Monday 25 March 2019

Almighty Dollar

[another cock-up with scheduling published this last night on "3rd March", it's back here for today's post today]
Piece in Wikipedia about the Double Eagle (A gold coin worth $20US) struck for commerce between 1849 and 1907, got me to thinking about the relative value of silver Ag and gold Au. At the same time as the Double Eagle was designed by James B. Longacre, the US mint also launched a shirt-button size gold dollar, here shown more or less actual size:
Same designer 1.62g 1.27cm = half-inch across. This micro coin was appreciated aesthetically "undoubtedly the neatest, tiniest, lightest, coin in this country ... it is too delicate and beautiful to pay out for potatoes, and sauerkraut, and salt pork. Oberon might have paid Puck with it for bringing the blossom which bewitched Titania." but others felt it was too small to be of practical value for shop-keepers and farmers. The Double Eagle was exactly 20x the weight of the gold dollar and both incorporated 10% copper Cu to give the coins a bit more robustness and wearability.
At about the same time the US mints [there were, and are, several across the country] struck a silver dollar which was an inch and a half in diameter and designed by Christian Gobrecht  26.37g 3.8cm ⌀. The silver US dollar was first authorised by the fledgling state during the Revolutionary War (1776-1783) in conscious imitation of the Spanish Thaler which was worth Eight Reals. The Spanish coin was the Talk-like-a-Pirate parrot speak pieces-of-eight only distantly related to Jack Sparrow et al.'s Court of Pieces-of-Eight. In those days, the 8-real coin was a bit heavier than the US dollar but traded at parity in the Caribbean. The Spanish dollars were melted down and reminted as US Dollars with the extra clippings deemed to be seigniorage - essentially profit on the transaction. This is a classic example of Gresham's law - bad money drives out good. Only old and foreign coins were in circulation in the United States as speculators siphoned off full value coins to enrich themselves. I've been on about melting scrap-copper for cash.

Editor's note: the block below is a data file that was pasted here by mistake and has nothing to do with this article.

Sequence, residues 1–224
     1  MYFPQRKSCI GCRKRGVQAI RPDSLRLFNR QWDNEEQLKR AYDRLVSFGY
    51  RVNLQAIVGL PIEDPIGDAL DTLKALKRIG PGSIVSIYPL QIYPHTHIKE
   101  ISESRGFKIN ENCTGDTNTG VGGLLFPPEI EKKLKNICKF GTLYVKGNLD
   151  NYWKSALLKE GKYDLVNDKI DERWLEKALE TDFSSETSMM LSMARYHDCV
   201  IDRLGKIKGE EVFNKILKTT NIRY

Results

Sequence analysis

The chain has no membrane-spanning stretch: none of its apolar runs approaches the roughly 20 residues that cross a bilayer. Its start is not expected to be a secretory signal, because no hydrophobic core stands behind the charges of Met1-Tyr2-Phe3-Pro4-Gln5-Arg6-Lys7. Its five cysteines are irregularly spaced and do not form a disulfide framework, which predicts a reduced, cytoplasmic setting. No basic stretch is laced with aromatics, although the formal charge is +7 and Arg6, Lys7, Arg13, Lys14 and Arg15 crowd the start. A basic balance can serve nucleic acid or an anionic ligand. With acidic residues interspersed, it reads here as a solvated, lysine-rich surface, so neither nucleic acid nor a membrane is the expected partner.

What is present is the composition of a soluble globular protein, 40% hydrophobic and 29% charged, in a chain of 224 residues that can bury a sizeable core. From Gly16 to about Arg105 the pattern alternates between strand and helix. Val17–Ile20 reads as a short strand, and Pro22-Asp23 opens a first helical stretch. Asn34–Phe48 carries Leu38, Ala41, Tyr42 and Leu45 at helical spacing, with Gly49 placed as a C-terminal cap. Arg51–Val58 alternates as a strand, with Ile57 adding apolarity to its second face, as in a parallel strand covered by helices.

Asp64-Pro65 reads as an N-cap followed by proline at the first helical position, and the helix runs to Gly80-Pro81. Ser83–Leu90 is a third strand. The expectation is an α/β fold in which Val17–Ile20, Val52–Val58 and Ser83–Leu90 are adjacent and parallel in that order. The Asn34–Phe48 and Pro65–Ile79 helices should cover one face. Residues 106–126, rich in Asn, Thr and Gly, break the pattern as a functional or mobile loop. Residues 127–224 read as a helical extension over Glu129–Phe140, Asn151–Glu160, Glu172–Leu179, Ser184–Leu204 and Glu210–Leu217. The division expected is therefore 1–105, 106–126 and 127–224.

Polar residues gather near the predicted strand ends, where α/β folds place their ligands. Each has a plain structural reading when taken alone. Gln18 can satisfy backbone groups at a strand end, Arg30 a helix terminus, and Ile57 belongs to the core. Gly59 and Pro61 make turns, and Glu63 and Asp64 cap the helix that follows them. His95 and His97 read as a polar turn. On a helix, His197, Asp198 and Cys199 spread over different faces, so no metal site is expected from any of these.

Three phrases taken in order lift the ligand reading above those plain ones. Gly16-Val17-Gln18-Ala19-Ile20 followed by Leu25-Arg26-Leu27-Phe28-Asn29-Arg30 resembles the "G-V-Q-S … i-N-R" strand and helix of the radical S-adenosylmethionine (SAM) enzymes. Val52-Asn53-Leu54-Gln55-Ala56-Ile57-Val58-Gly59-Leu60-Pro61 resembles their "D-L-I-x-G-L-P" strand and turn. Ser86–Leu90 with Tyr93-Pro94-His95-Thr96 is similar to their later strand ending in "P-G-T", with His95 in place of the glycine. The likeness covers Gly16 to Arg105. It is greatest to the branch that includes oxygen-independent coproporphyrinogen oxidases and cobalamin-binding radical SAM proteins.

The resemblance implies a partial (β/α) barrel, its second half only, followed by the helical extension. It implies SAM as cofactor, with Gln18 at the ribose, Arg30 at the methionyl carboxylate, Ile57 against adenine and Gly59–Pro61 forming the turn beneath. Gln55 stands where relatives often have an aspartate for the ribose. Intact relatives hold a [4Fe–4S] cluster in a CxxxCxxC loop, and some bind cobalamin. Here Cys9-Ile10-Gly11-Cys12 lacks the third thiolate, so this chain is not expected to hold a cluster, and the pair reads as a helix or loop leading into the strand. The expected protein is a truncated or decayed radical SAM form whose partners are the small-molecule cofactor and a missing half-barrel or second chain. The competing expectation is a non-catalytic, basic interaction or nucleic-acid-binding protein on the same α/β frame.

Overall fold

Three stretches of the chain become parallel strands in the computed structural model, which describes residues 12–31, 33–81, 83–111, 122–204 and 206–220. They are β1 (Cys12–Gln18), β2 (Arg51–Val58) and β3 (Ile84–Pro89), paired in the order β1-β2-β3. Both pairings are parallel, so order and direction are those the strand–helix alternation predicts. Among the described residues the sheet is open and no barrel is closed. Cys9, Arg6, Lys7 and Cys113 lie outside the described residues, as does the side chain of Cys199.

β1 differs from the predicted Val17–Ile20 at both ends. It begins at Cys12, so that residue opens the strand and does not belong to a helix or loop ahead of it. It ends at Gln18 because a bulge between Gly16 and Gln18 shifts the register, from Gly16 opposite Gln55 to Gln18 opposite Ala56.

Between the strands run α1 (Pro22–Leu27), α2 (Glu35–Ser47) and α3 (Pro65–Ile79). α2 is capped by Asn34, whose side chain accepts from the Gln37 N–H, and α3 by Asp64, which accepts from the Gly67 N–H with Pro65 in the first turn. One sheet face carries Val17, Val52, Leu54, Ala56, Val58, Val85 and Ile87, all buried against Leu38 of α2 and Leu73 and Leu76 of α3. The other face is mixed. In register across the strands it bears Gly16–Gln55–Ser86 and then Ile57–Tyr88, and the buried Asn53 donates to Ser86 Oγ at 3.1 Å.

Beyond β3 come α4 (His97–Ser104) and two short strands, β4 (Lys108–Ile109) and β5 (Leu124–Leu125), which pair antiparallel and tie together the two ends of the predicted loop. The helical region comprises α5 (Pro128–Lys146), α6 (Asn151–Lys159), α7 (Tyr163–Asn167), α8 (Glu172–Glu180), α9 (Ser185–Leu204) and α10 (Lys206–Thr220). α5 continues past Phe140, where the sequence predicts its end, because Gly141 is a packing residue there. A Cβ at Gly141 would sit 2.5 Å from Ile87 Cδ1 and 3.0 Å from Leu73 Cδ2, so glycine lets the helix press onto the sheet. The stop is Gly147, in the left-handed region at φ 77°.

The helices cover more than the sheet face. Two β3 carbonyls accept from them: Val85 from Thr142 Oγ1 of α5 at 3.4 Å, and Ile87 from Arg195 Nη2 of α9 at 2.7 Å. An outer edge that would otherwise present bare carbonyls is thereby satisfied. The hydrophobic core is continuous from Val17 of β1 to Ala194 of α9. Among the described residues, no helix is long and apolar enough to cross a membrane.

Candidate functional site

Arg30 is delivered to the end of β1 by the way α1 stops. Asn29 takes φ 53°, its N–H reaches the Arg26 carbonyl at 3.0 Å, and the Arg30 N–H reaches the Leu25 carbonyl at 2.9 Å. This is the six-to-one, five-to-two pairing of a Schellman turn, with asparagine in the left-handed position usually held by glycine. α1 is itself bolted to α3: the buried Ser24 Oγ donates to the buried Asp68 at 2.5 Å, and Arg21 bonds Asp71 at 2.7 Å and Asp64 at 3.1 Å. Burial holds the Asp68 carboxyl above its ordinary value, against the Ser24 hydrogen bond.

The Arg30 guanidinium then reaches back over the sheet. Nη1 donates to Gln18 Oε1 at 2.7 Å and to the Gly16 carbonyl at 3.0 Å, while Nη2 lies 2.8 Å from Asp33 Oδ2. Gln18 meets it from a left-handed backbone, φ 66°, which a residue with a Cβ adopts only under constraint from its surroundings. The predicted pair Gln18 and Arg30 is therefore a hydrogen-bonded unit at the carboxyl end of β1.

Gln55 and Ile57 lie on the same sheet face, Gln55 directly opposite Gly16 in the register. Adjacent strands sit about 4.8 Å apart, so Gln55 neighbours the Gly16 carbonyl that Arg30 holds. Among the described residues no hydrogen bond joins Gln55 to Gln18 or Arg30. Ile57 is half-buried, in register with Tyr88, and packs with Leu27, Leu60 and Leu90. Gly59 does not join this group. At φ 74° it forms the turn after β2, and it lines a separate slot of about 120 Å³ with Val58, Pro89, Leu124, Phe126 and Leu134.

The weight of the two 1849 vintage coins allows us to calculate the relative value Ag/Au as 16.3x. In my lifetime
there have only been a few times when the value of gold has been that low: Dec 1967, May 1968, Dec 1979. This week gold is trading at $42 / g and silver at $0.48 /g = ratio of 87x.

What's significant about the year 1849? It's when the California Gold Rush started to flood the economy with gold; but this didn't seem to have any effect on the value of the commodity. The Australian Gold Rushes of the 1850s likewise had no effect on the price. They say there are now 150,000 tonnes of gold above ground of which 60% has been abstracted from the ground in my lifetime. Up to 1849, after 6,000 years of mining the stuff, 10,000 tonnes had been accumulated world wide and about 10 tonnes was being added to the stockpile each year - mainly from the Gold Coast = Ghana and South America. California upped the annual input about 8x to about 80 tonnes average for 1850-1855. That sounds like a boost but was still only 1% of the existing reserves so not really a drug on the market. The New South Wales supplied 25 tonnes in 1852. Beyond those comments is the realm of Economics about which I have no expertise and little interest.

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